Guttenberg plagiarism scandal is blow to German academia (Feature)
By Jean-Baptiste Piggin Feb 28, 2011, 14:21 GMT
Berlin - Germany's plagiarism scandal, in which a university stripped Defence Minister Karl-Theodor zu Guttenberg of his doctoral degree, has raised questions about why no one noticed his failings as a student.
Guttenberg handed in a doctoral dissertation in 2006 that contained large chunks of copied text without footnotes. The University of Bayreuth, which had awarded him a first-class doctorate, revoked it last week. But he remains a minister.
For now, German academia is preoccupied with his punishment. About 15,000 academics have signed a protest petition to Chancellor Angela Merkel, who refuses to sack Guttenberg from her cabinet.
Guttenbnerg grew up in an ancestral castle around 30 kilometres from the University of Bayreuth which was later to grant him his PhD.
He spent seven years completing the doctoral thesis, but was not a full-time student during that time.
Instead Guttenberg, now 39, told parliament last week he was busy with his political engagements, sitting in parliament in Berlin, rising through the ranks of his conservative party - the Christian Social Union (CSU), running businesses and starting a family.
Now a leading US historian, Anthony Grafton, has suggested that the German system may be inadequate to catch cheats, because professors do not closely supervise doctoral students.
Grafton, who teaches at Princeton University, is the author of The Footnote: A Curious History, which describes how perfect footnotes marked 19th century German historians as the world's finest.
In a telephone interview, Grafton explained how US dissertations are often handed in chapter by chapter as they are written.
'In the States, the candidate would have been working every week with his supervisor ... who would have criticized everything, so that the moment of submission would not be the first point where everything was getting judged,' he said.
'We don't like this notion of the 'disconnected' student.'
Grafton, who worked in Germany in the 1990s and knows the country well, pointed to another weakness: the huge number of German students seeking doctorates, often from a declining number of professors.
'That's not propitious to serious supervision,' he said.
The Guttenberg case has reflected badly on both Bayreuth University and the law professor, Peter Haeberle, 76, who oversaw the thesis, which was a comparative history of how the United States acquired a federalist constitution and the European Union did not.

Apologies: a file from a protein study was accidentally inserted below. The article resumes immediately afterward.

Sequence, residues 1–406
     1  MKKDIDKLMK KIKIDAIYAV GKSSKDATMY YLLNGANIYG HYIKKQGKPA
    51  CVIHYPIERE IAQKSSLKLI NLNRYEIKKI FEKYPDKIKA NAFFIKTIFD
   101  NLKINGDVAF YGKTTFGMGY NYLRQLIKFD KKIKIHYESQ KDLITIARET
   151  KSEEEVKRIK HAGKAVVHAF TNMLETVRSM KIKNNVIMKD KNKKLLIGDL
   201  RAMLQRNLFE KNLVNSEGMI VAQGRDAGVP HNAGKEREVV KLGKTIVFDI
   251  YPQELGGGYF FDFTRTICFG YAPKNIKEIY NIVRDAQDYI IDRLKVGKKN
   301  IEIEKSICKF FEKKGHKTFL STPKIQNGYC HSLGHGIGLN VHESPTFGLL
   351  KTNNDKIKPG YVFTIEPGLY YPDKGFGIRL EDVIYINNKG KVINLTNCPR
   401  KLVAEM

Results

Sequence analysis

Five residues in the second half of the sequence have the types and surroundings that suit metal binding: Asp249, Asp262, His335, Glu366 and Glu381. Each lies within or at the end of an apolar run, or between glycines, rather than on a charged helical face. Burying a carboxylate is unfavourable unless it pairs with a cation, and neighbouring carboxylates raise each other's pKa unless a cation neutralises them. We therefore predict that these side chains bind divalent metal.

The professor himself has not commented on how he was fooled, but his successor in the same chair has led a furious personal attack on Guttenberg. 'We are the victims of a con man,' said Oliver Lepsius.
In an interview with Sueddeutsche Zeitung, he accused Guttenberg of 'deliberately collating scholarly sources to plagiarize.'
The newspaper reported that Lepsius was daring Guttenberg to sue him for libel.
The university says the word 'plagiarism' is appropriate for parts of Guttenberg's thesis, but it is still investigating whether he cheated.
'A supervisor has to be able to trust the assurance that work was written conscientiously,' German Education Minister Annette Schavan was quoted as saying by Sueddeutsche on Monday.
University teaching union GEW charged Monday that the plagiarism and the refusal to punish it by Merkel, who holds a doctorate in physics, threatened the honour system.
'It undermines the authority of the teacher in the school and university who trains students to obtain qualifications ethically,' said Andreas Keller of GEW.
Wolfgang Marquardt, chairman of the German Science Council, said German science was held in high esteem worldwide, but he was worried that it had been sullied by the Guttenberg scandal.
Germany has not been at the forefront of international debate on the honour system and academic liberty, and how to mould them so that cheating students and lazy teachers do not slip through.
'My sense of the German university system when I knew it best in the 1990s was that it was kind of professors' paradise,' said Grafton. It did not offer enough incentives for engaged teachers.
'Except the personal reward of enjoying working well with students and having a sense that you have done your job,' he said.
Few German academics have accepted Guttenberg's declaration in a 35-minute question-and-answer session in parliament in Berlin last week that he had muddled, but never cheated.
'They always use the same excuses, which are that they forgot, or were time pressed, or they mixed up their notes so they couldn't tell what they had copied out and what they had paraphrased,' he said.
'These are formulas. Nobody believes them.'
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